Torreya taxifolia

Common Names:
Florida torreya, savin, stinking cedar
Growth Habit:
CPC Number:
Profile Contributors:
Irina Kadis
Fully Sponsored

Reference Links

ITIS - Tropicos - USDA Plants - Fish & WildLife

Participating Institutions

The following Participating Institutions are custodians for this species in the CPC National Collection:
Atlanta Botanical Gardens
Bok Tower Gardens

The conservation of Torreya taxifolia is fully sponsored.
Irina Kadis contributed to this Plant Profile.


Torreya taxifolia is a small, conical tree of the yew family (Taxaceae) and a close relative to Taxus brevifolia from which the cancer drug Taxol is derived. T. taxifolia, or stinking cedar, is an extremely rare conifer that once towered fifty feet above the forested ravines of the Apalachicola drainage system in northern Florida (Godfrey 1968, Foote and Jones 1994). An ancient genus (at least 160 million years old), torreyas were widely distributed across the northern hemisphere during the Jurassic and Pliocene periods.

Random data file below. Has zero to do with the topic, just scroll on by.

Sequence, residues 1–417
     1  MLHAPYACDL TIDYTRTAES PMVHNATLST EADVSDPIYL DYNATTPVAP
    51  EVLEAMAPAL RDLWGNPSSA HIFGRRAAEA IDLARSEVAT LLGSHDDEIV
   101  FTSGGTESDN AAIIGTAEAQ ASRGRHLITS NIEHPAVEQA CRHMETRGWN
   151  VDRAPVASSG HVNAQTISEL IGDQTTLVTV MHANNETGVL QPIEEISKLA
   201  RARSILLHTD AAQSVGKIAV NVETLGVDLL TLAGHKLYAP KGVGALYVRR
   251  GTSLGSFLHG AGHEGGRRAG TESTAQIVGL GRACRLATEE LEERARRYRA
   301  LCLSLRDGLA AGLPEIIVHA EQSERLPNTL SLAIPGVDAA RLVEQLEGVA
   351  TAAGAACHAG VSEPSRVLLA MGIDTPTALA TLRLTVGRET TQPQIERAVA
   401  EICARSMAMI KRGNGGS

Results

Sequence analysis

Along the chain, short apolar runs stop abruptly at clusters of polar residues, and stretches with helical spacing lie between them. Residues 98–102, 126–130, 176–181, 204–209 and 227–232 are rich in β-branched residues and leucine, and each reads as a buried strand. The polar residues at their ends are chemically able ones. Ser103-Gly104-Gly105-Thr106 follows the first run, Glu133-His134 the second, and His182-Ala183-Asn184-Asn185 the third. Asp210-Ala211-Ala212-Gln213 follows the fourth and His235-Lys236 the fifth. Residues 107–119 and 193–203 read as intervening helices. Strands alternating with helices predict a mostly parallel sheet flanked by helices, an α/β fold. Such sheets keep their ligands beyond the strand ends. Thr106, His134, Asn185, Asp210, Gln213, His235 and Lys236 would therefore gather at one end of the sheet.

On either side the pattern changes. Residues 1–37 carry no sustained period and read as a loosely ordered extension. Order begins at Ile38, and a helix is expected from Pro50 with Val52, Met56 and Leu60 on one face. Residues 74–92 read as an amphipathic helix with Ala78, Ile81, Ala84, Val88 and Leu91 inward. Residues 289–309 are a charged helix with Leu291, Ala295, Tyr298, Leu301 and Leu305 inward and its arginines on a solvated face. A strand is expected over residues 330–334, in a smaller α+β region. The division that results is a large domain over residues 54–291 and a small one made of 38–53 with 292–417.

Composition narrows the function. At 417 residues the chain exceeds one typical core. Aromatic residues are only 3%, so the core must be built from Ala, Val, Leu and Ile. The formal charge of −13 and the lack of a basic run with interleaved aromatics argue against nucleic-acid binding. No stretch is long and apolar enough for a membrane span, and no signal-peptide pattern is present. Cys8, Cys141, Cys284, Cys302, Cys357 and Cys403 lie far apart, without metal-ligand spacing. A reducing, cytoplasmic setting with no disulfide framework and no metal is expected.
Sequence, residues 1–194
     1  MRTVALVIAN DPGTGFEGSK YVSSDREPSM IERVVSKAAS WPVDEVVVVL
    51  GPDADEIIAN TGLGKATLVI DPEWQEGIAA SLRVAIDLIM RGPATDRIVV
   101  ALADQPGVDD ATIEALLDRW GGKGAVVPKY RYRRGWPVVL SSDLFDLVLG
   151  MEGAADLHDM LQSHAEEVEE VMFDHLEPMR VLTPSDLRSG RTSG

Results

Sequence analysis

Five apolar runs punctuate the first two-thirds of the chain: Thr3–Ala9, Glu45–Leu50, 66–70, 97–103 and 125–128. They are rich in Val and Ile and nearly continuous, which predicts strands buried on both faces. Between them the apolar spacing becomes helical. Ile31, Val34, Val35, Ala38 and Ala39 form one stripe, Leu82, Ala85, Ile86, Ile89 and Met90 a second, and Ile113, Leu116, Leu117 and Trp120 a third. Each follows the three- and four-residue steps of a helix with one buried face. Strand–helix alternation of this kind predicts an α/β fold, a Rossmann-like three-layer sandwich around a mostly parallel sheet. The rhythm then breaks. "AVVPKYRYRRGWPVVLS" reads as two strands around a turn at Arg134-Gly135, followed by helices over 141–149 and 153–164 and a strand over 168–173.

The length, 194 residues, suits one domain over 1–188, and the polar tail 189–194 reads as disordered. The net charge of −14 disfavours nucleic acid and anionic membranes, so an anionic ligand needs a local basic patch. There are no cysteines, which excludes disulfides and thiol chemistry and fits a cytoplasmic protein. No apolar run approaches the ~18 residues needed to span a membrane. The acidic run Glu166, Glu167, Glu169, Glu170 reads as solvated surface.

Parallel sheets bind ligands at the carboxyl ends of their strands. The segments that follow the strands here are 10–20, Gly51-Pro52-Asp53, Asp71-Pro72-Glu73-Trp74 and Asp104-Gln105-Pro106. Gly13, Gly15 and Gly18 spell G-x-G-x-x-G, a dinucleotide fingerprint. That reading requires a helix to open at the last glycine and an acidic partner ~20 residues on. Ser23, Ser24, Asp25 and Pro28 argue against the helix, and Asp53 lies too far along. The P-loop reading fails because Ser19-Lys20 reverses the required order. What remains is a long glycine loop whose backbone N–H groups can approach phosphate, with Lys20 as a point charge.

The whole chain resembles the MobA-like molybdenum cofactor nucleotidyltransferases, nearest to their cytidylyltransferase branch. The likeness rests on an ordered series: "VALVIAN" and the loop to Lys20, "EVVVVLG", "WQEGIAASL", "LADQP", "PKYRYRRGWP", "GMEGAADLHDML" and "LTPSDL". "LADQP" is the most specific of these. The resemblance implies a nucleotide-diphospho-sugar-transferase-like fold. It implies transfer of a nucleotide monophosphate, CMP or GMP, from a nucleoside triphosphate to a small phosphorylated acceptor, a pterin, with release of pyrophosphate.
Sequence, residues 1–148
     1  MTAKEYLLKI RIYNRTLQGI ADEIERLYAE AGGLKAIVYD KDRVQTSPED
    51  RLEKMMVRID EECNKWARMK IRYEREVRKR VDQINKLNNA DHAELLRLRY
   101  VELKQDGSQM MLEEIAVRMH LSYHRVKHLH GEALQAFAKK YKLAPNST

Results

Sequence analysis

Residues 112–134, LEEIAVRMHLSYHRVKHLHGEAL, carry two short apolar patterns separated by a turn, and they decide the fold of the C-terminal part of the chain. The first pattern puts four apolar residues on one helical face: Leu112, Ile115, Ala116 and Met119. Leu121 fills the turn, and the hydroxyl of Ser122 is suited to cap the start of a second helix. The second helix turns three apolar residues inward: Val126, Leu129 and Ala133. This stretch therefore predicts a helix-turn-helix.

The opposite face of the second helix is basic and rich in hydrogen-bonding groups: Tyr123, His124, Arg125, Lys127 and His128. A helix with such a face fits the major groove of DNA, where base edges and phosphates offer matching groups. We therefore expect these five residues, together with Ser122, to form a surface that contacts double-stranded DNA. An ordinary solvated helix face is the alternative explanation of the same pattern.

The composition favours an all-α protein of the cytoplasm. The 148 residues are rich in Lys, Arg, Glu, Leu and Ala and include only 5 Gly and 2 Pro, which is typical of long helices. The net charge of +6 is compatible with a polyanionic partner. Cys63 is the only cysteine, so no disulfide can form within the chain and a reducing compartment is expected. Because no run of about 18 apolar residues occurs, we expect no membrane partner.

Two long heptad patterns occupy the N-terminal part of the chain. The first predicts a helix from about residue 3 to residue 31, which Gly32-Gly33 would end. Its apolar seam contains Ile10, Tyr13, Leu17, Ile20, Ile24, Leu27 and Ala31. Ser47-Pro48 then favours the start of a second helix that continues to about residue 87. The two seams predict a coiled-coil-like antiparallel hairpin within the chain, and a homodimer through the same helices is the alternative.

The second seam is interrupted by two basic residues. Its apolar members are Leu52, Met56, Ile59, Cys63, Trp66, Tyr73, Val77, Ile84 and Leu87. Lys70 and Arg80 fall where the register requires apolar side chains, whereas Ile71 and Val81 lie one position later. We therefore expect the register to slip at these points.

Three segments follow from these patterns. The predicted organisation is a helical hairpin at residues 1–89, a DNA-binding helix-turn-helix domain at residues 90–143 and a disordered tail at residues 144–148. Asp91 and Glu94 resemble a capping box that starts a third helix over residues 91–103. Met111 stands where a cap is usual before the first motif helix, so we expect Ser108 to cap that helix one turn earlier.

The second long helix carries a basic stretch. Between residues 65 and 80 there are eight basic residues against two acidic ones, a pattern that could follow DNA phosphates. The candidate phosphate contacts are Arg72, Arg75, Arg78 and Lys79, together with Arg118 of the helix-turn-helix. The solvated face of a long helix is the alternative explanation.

Named for John Torrey, one of the most distinguished American botanists (1796-1783), this is one of the rarest native trees in the USA: its range is very limited, and within that limited range, it has become nearly extinct. There are no large trees left in their native habitats. What survives are a few scattered young trees (sapling-size) or suckers from root systems and bases of destroyed plants. A fungal disease is the primary cause of this species plight, and remains the largest threat to its survival (USFWS 1986).

Distribution & Occurrence


Conservation, Ecology & Research